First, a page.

Britain’s imperial cultural residue has always expressed itself through reluctance about Europe, coupled with an obsession with the idea of British international leadership. With Brexit, Britain’s ‘go-it-alone’ syndrome has returned with a vengeance, writes Anne Deighton.
The repair of everyday objects is a way of healing the wounds of post-socialist transition and of building affective bonds, where the market forces people to think of each other only as rational and expendable actors. Francisco Martínez talks to Estonians practitioners of ‘remont’ about their motivations.
Environmental protests in Russia combine rule of law arguments with cultural and moral dimensions. Jane Costlow traces the hidden history of environmentalism in Russia and looks at one contemporary example: the Dubki park protests in Moscow.
Are human rights enough?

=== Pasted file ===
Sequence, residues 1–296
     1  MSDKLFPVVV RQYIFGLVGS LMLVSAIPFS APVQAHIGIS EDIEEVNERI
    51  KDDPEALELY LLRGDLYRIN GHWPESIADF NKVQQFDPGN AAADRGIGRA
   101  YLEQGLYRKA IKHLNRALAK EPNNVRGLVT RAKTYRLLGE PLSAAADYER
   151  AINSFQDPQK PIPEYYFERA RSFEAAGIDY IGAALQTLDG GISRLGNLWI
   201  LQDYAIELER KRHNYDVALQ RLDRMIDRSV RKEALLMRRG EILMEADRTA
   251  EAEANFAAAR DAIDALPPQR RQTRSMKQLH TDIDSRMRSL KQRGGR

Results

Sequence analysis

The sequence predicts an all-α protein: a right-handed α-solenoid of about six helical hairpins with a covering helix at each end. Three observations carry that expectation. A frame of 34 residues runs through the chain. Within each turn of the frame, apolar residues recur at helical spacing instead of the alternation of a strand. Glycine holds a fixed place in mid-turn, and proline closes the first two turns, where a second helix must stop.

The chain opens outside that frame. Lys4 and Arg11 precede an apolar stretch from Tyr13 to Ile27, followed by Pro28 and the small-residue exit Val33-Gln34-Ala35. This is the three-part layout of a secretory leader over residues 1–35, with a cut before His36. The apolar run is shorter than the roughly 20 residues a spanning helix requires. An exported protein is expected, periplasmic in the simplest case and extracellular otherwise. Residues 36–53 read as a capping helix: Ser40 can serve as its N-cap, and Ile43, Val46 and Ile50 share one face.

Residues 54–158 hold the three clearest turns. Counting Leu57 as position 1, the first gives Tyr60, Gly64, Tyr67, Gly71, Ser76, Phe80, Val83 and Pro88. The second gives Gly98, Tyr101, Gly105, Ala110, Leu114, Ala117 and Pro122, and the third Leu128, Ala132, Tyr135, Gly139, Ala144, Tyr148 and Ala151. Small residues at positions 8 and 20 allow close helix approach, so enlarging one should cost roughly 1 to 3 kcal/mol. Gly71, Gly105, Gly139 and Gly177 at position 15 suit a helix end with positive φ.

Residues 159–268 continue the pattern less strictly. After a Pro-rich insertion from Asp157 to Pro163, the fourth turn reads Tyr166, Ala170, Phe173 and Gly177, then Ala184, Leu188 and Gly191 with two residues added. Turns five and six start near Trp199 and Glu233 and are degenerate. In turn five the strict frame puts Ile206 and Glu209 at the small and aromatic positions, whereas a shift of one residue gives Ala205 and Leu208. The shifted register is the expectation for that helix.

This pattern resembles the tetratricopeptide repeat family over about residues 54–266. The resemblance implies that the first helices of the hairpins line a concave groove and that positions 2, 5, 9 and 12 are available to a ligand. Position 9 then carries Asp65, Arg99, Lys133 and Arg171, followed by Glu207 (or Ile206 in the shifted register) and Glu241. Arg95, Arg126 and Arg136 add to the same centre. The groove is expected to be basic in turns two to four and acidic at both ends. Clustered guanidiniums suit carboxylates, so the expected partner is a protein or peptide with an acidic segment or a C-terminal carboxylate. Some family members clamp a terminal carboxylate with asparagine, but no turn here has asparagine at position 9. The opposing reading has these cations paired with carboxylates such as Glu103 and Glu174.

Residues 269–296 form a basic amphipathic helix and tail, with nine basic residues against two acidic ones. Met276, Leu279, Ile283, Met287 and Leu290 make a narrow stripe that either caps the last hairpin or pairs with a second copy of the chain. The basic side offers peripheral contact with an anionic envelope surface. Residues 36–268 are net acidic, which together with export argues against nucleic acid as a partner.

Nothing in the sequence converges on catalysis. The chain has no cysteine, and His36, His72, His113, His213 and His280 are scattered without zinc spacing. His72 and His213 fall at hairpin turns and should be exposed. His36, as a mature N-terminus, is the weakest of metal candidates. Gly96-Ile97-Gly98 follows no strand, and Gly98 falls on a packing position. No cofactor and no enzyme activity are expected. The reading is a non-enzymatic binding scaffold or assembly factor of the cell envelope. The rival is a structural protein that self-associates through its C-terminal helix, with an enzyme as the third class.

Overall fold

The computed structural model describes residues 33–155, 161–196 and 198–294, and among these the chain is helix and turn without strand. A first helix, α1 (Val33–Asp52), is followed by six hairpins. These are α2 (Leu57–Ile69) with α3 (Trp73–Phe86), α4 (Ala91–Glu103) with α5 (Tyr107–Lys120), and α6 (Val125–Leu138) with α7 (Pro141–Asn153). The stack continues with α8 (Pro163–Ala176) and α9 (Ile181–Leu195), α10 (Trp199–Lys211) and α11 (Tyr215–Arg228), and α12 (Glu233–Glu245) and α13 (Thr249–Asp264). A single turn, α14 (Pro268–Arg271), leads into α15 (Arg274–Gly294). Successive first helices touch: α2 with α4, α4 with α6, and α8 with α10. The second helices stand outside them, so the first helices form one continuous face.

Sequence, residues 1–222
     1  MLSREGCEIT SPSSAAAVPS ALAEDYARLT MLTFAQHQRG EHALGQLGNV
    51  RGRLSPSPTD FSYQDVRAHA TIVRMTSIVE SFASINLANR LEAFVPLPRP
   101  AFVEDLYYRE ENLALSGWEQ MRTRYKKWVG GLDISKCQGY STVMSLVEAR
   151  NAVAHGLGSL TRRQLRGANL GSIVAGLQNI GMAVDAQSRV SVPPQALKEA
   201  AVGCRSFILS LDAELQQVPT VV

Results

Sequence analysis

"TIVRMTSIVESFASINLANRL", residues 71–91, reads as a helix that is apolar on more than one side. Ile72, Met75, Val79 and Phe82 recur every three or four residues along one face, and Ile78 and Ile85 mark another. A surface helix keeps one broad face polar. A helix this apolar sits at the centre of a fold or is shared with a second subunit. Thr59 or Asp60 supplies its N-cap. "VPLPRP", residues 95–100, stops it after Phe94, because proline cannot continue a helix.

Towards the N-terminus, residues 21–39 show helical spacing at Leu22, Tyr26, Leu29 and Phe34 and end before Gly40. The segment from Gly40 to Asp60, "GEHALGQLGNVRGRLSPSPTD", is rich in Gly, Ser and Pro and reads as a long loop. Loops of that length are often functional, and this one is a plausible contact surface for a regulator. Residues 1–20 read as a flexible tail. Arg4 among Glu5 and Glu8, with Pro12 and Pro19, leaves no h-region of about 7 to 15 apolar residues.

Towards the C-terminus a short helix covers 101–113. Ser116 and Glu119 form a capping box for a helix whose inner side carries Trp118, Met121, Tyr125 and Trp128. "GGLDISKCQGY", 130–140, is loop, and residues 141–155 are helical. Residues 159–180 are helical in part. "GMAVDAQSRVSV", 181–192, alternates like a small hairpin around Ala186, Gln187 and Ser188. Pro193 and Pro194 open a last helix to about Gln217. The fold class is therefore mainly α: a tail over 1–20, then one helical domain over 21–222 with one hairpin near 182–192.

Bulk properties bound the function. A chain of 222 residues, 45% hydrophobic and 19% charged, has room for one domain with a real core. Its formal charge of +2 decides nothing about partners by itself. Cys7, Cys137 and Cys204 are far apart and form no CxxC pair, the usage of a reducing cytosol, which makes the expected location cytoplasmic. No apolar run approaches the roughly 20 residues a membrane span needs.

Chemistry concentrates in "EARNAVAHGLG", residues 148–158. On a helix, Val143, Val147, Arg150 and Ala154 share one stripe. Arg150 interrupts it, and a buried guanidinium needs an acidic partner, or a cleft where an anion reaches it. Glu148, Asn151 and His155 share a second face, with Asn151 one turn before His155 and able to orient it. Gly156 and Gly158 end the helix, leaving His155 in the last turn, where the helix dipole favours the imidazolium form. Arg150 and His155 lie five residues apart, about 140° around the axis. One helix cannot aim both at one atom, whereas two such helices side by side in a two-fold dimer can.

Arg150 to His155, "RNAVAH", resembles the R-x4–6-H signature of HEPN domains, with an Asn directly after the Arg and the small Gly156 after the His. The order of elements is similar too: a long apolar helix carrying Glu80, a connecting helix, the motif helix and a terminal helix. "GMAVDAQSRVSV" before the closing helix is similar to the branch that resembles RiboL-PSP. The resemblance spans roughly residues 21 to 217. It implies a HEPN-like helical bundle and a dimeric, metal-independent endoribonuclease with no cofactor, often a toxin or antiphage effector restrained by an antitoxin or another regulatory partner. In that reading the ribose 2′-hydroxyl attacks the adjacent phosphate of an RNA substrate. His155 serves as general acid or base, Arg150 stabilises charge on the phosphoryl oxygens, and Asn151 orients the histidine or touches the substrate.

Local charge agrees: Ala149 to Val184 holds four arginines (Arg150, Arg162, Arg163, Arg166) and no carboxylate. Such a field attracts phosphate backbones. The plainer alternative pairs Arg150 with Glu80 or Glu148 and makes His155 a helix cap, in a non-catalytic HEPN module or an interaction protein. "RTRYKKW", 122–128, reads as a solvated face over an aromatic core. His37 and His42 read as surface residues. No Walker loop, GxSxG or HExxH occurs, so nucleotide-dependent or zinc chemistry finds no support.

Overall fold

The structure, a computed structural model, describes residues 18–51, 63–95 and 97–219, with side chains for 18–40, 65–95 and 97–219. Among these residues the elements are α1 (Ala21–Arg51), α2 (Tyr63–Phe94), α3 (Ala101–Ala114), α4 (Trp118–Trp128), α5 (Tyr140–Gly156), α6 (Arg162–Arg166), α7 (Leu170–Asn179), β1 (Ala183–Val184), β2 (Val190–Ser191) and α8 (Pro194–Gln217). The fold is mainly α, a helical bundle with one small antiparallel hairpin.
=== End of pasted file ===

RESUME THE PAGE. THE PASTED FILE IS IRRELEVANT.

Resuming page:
For all their importance, human rights have become ineffectual in the face of market fundamentalism, writes historian Samuel Moyn. In order to confront material inequality, human rights must overcome their individualist and anti-statist origins.
When populism overruns its borders
Hawk or dove? Donald Trump’s synthesis of populist isolationism and nationalist triumphalism produces an erratic and unpredictable stance on America’s international role. The foreign policies of populist precedents provide clues as to how Trump thinks about the rest of the world, according to Christopher Schaefer.